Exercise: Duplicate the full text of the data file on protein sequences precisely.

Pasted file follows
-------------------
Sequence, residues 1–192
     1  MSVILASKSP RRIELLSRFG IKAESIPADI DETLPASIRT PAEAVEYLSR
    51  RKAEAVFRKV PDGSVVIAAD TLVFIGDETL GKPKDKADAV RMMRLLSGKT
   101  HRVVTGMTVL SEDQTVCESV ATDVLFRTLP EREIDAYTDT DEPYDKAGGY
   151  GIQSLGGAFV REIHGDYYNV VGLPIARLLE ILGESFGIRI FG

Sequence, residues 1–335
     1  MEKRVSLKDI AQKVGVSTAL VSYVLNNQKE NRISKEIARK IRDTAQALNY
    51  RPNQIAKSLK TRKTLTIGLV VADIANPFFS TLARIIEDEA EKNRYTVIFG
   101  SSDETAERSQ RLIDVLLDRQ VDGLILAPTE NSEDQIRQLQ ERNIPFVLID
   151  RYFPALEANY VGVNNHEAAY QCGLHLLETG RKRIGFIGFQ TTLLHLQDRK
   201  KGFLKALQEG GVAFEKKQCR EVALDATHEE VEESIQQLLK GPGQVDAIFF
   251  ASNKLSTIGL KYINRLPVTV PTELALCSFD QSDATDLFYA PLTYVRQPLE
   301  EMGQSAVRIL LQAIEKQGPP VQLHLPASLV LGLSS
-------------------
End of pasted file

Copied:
Sequence, residues 1–192
     1  MSVILASKSP RRIELLSRFG IKAESIPADI DETLPASIRT PAEAVEYLSR
    51  RKAEAVFRKV PDGSVVIAAD TLVFIGDETL GKPKDKADAV RMMRLLSGKT
   101  HRVVTGMTVL SEDQTVCESV ATDVLFRTLP EREIDAYTDT DEPYDKAGGY
   151  GIQSLGGAFV REIHGDYYNV VGLPIARLLE ILGESFGIRI FG

Sequence, residues 1–335
     1  MEKRVSLKDI AQKVGVSTAL VSYVLNNQKE NRISKEIARK IRDTAQALNY
    51  RPNQIAKSLK TRKTLTIGLV VADIANPFFS TLARIIEDEA EKNRYTVIFG
   101  SSDETAERSQ RLIDVLLDRQ VDGLILAPTE NSEDQIRQLQ ERNIPFVLID
   151  RYFPALEANY VGVNNHEAAY QCGLHLLETG RKRIGFIGFQ TTLLHLQDRK
   201  KGFLKALQEG GVAFEKKQCR EVALDATHEE VEESIQQLLK GPGQVDAIFF
   251  ASNKLSTIGL KYINRLPVTV PTELALCSFD QSDATDLFYA PLTYVRQPLE
   301  EMGQSAVRIL LQAIEKQGPP VQLHLPASLV LGLSS